Practical advice and links to other websites to support Service Users and Carers.
Who is this service for?
Do you look after a family member or friend who can’t cope on their own because they are ill, frail, disabled, have sensory loss or mental health, drug or alcohol problems?
You may see this as ‘just something you do’ as that person’s partner, friend, relative or neighbour. In fact you are what is known as an ‘unpaid carer’.
Anyone can become a carer – young people, adults and parents of children with disabilities or other needs. Caring for someone covers a lot of different things like helping with their washing, dressing or eating, taking them to regular appointments or keeping them company when they feel lonely or anxious.
While many people find this role rewarding, it’s important to recognise that you need to look after yourself too. If you don’t do this, you risk becoming ill yourself.
There is a range of support available, which can help you continue in your caring role and also help you have a life of your own.
This could include: – information on how to arrange a short break, which is right for you – support to continue work/study – getting information about care and support for the person you look after in addition to, or instead of the caring you do.
Did you know? Everyone who looks after someone else is now entitled to a carers’ assessment even if the person they look after doesn’t receive care and support. If the person you look after doesn’t live in Bath & North East Somerset, contact their council to find out about support for carers.
How does this service work / what's involved in this service?
District Nurses provide nursing care to housebound adults enabling them to maintain independence. We care for patients with a wide range of health problems including wound care, acute illnesses, complex or long-term health problems and end of life care. www.sirona-cic.org.uk/services/district-nursing-service
Community Matrons are Advanced Nurse Practitioners who case manage service users with multiple complex long-term conditions. Each Community Matron is responsible for a nominated set of GP practices in their area with a responsibility to prevent unnecessary and unplanned hospital admissions. www.sirona-cic.org.uk/services/community-matron-service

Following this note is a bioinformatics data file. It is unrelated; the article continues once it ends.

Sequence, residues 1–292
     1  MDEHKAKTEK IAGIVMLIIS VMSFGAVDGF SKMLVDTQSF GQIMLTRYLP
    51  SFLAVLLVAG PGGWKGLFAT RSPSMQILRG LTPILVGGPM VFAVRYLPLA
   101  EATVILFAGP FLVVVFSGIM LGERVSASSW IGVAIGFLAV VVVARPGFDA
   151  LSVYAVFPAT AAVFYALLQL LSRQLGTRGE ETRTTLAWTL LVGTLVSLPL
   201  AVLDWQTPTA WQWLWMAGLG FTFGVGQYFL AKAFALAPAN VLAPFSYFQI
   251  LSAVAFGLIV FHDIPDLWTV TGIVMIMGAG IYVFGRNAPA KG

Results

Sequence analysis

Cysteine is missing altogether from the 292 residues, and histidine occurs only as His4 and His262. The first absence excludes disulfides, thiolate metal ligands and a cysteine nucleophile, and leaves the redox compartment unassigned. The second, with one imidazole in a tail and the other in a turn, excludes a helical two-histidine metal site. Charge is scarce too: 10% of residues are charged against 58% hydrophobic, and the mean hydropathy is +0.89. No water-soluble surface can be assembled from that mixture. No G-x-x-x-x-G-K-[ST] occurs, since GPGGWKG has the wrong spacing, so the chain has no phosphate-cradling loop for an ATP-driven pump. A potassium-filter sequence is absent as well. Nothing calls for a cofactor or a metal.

Dementia Advisers keep in touch with families throughout the course of their illness. They provide up-to-date information about services that are available in the community, and help people living with dementia and their families access the support they need at every stage of the illness. This could include information on day care opportunities, community activities, respite care, telecare, nutrition, emotional support, etc. People with dementia and family carers can talk to their adviser at any point as their situation changes and the adviser will point them in the right direction for further help.
Comments below are from Carers Interviews, who have contact with Community Matron Services
“It gives me reassurance as a carer, I feel they are there for guidance”
“It has helped to give me confidence, I don’t feel so Isolated and alone and I know I have a backup. My husband also feels much safer”
“We could not be without them!”
“They have relayed information to the family and it seems to be the little things that they do that makes all the difference”
How do I access this service?
Speak to your GP about our Dementia Advisors in South Gloucestershire
You can self-refer to Community Matrons and District Nursing.
For further information, please see the links below.
In what areas is this service available?
B&NES and South Gloucestershire, however Dementia Advisors are currently only available in South Gloucestershire. Talk to your local GP for further information regarding our services.